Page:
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The Prioresses Tale, Sire Thopas, the Monkes Tale, the Clerkes Tale, the ...
Walter William Skeat,Geoffrey Chaucer
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appears Book called Chaucer child cloth College common coude doon early edition English euery example expression Extra fcap final fortune French gives Group hath haue herte Host Icel Introduction king knowe Latin lawe Legend lord means mentioned metre Morris myghte neuer observe occurs original Oxford passage person poem present printed probably Professor Prol Prologue quod reader reading refer remarks rest rest omit rimes romance ryght says Second sense seyde seyn shal shew sholde stanza story suppose swich syllable Tale thee ther thing thou told took translation tyme Tyrwhitt verb vn-to whan wolde word written
Pàgina 194 - A jest's prosperity lies in the ear • Of him that hears it, never in the tongue Of him that makes it : then, if sickly ears, Deaf 'd with the clamours of their own dear groans.
Pàgina 145 - La tua benignità non pur soccorre • A chi dimanda, ma molte fiate Liberamente al dimandar precorre. In te misericordia, in te pietate In te magnificenza, in te s'aduna Quantunque in creatura è di bontate.
Pàgina 9 - Parfourned is by men of dignitee, But by the mouth of children thy bountee Parfourned is, for on the brest soukynge Somtyme shewen they thyn heriynge.
Pàgina 190 - Yet he did cast down their frontiers, and cut down their groves: for he had decreed to destroy all the gods of the land, that all nations should worship Nabuchodonosor only, and that all tongues and tribes should call upon him as god.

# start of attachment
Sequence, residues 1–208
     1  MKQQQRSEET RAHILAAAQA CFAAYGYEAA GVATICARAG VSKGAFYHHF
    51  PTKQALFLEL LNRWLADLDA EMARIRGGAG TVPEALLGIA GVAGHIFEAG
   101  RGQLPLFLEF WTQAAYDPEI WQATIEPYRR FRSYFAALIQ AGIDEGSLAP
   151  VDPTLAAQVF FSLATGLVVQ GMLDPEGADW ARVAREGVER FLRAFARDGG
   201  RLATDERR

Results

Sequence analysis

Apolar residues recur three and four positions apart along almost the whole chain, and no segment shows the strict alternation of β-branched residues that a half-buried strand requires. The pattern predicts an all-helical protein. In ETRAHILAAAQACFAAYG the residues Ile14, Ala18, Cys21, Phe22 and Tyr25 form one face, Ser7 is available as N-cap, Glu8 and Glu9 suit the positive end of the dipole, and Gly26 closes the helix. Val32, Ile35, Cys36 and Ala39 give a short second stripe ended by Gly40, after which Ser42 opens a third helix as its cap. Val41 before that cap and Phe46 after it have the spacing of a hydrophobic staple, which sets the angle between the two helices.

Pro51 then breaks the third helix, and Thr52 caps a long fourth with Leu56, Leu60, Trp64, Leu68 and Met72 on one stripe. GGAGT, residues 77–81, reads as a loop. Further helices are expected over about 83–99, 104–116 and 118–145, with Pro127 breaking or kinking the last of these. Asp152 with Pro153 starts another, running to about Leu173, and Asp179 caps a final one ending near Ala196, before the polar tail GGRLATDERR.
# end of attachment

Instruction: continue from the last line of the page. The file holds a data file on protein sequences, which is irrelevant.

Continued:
Pàgina 60 - I wol yow telle a tale which that I Lerned at Padowe of a worthy clerk, As preved by his wordes and his werk. He is now deed and nayled in his cheste, I prey to god so yeve his soule reste.
Pàgina xlvii - And Solomon was David's heir; and he said, O men, we have been taught the speech of birds, and have had all things bestowed on us ; this is manifest excellence.
Pàgina 31 - Tragedie is to seyn a certeyn storie, As olde bokes maken us memorie, Of him that stood in greet prosperitee 3165 And is y-fallen out of heigh degree Into miserie, and endeth wrecchedly.
Pàgina xxxiii - Tale. The imagination of this story consists in Arabian fiction engrafted on Gothic chivalry. Nor is this Arabian fiction purely the sport of arbitrary fancy : it is in great measure founded on Arabian learning. Cambuscan, a King of Tartary, celebrates his birthday festival in the hall of his palace at Sana with the most royal magnificence.